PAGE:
Hindu extremists' reward to kill Christians, as Britain refuses to bar membersRhys Blakely in Bombay
Extremist Hindu groups offered money, food and alcohol to mobs to kill Christians and destroy their homes, according to Christian aid workers in the eastern state of Orissa.
The allegations follow the British Government’s refusal to prevent members of two radical groups linked to the worst antiChristian violence in India since Partition entering Britain.
The US-based head of a Christian organisation that runs several orphanages in Orissa – one of India’s poorest regions – claims that Christian leaders are being targeted by Hindu militants and carry a price on their heads. “The going price to kill a pastor is $250 (£170),” Faiz Rahman, the chairman of Good News India, said.
A spokesman for the All-India Christian Council said: “People are being offered rewards to kill, and to destroy churches and Christian properties. They are being offered foreign liquor, chicken, mutton and weapons. They are given petrol and kerosene.”
Ram Madhav, a spokesman for the Rashtriya Swayamsevak Sangh (RSS), the largest hardline Hindu group, denied the claims. “The accusation is absolutely false,” he said.
Orissa has suffered a series of murders and arson attacks in recent months, with at least 67 Christians killed, according to the Roman Catholic Church. Several thousand homes have been razed and hundreds of places of worship destroyed, and crops are now wasting in the fields.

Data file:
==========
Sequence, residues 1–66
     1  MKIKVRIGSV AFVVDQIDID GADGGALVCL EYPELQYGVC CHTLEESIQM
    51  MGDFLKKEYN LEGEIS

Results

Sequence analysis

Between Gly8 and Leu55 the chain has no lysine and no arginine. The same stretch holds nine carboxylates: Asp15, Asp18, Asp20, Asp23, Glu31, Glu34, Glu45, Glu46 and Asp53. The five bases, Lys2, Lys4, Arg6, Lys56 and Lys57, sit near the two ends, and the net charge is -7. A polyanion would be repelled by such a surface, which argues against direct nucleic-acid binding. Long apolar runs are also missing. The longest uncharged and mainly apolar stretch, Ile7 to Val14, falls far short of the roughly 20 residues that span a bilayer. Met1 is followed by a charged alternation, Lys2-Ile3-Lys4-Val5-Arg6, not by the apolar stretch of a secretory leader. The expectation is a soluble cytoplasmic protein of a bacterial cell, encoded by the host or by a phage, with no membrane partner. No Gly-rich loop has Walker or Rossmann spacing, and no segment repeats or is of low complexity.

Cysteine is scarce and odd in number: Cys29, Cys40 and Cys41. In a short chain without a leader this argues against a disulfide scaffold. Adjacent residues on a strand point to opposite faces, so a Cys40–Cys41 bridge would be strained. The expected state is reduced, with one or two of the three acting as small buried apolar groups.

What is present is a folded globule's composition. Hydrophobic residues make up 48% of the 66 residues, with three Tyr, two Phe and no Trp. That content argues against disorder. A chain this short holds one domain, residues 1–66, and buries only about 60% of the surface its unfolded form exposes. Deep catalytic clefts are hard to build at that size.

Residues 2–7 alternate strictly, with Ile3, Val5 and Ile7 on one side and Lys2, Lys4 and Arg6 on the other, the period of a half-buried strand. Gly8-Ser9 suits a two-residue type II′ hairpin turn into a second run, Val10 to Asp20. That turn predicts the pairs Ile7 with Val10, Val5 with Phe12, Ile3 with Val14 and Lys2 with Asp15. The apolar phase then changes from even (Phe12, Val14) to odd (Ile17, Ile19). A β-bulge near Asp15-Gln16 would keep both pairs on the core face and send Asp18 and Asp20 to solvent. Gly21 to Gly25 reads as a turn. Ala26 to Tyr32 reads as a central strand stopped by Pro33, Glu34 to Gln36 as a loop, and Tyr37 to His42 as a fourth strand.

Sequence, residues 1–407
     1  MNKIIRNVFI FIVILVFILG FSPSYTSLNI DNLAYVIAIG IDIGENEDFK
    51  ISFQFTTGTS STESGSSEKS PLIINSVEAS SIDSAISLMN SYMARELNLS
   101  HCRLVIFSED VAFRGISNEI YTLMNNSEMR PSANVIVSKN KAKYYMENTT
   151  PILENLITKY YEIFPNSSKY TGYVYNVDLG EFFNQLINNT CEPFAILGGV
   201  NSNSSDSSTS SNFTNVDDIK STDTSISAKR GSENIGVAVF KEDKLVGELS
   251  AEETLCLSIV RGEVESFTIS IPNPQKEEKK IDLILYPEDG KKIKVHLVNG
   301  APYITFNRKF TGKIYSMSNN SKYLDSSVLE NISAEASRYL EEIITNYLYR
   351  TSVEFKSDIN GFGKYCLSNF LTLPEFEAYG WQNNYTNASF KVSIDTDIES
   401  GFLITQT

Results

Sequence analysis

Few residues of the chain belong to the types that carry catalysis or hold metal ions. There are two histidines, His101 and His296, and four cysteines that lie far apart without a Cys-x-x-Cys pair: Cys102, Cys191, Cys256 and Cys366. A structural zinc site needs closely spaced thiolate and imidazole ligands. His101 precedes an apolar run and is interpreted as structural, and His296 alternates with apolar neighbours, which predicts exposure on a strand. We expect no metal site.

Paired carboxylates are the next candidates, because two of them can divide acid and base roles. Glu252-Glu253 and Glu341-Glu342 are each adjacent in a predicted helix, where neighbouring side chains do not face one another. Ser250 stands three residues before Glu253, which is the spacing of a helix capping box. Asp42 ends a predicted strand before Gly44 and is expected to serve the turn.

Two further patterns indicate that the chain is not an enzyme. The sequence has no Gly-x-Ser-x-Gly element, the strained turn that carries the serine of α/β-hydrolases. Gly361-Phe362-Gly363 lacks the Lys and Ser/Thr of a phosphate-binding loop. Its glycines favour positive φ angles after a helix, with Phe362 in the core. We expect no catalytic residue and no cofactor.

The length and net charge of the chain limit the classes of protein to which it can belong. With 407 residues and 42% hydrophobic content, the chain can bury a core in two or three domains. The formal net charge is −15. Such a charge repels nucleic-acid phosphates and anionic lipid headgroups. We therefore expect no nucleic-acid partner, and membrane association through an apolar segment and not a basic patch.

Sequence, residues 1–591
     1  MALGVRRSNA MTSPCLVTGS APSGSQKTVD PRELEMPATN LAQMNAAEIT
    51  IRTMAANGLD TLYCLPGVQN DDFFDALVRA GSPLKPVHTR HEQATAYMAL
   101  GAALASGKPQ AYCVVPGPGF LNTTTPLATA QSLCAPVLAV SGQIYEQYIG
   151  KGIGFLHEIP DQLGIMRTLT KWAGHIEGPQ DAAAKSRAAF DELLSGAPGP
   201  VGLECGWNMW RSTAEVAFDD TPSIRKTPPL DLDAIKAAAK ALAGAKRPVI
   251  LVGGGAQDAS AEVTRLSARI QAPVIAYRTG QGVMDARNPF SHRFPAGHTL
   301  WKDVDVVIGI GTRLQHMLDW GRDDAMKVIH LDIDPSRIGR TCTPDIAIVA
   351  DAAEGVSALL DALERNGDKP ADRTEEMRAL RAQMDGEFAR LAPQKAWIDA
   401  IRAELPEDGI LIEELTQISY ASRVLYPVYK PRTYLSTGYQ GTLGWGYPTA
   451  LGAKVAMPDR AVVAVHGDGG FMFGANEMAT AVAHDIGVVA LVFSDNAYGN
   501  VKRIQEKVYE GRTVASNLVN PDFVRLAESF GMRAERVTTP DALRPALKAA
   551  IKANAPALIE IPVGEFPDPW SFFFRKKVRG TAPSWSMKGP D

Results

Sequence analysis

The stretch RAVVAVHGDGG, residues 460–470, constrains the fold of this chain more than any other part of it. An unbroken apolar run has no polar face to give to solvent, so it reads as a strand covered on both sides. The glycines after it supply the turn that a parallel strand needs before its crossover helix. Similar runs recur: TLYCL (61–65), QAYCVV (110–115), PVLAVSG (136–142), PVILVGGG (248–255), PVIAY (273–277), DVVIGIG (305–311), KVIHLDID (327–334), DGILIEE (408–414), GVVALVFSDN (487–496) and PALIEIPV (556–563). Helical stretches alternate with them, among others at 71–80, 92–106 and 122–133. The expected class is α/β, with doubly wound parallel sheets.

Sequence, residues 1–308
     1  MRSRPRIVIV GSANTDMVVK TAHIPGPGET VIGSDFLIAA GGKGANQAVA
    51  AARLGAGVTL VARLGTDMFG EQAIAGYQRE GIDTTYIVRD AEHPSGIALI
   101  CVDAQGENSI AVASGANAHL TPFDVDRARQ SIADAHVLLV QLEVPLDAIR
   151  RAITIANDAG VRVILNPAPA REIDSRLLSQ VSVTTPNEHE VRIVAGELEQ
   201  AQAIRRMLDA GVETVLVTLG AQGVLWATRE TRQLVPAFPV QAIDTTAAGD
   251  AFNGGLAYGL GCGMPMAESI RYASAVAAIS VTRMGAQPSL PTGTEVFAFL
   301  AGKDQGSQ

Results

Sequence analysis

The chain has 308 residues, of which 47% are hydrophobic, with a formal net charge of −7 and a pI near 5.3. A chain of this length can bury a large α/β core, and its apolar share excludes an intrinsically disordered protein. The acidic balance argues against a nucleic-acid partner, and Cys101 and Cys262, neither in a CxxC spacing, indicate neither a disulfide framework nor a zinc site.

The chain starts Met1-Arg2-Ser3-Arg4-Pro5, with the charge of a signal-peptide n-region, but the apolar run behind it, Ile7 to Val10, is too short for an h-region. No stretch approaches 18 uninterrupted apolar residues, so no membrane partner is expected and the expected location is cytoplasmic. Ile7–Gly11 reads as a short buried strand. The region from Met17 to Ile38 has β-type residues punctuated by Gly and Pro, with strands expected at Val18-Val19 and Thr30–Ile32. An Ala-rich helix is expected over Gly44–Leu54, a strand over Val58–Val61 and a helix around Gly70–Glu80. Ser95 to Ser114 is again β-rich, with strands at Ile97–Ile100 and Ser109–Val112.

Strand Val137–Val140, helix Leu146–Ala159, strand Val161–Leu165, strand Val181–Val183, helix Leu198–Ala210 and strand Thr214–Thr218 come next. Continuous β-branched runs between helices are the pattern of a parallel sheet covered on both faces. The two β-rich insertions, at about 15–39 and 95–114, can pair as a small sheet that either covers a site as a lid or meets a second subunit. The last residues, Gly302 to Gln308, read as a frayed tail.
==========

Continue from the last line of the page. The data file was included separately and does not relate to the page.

In recent weeks the violence has subsided but at least 11,000 Christian refugees remain in camps in Kandhamal, the district worst affected. “They are too scared to go home. They know that if they return to their villages they will be forced to convert to Hinduism,” Father Manoj, who is based at the Archbishop’s office in Bhubaneshwar, the state capital, said.
The violence was triggered in August by the murder of Swami Lakshmanananda Saraswati, a senior figure in the Vishwa Hindu Parishad (VHP), a hardline Hindu group, who had campaigned against the alleged forced conversions of poor Hindus by foreign-backed Christian missionaries.
Maoist militants claimed responsibility for the killing, but the VHP blamed Christians and called for revenge. This week extremists said that if Mr Lakshmanananda’s killers were not caught by December 15 they would begin a day of violence on December 25.
A group of Catholic bishops from Orissa believe that the attacks have a sinister objective.
In a letter to the state’s chief minister they wrote: “This conflict is a calculated and preplanned masterplan to wipe out Christianity from Kandhamal in order to realise the hidden agenda . . . of establishing a Hindu nation.”
This month Lord Malloch-Brown, Minister of State for the Foreign and Commonwealth Office, turned down a plea for members of the RSS and the Bajrang Dal, the youth wing of the VHP, to be barred from entering Britain.
“Neither organisation is proscribed in the United Kingdom or in India, nor do the Indian Government classify either as a terrorist organisation,” Lord Malloch-Brown said, in reply to a question from Lord Patten of Barnes. There have been calls from members of India’s ruling government coalition for the RSS and Bajrang Dal to be banned but analysts say the Government is unlikely to act for fear of alienating Hindu voters in the run-up to general elections in the spring.
The RSS has been outlawed temporarily three times; the first in 1948, after a former member assassinated Mahatma Gandhi. http://www.timesonline.co.uk/tol/news/world/asia/article5186703.ece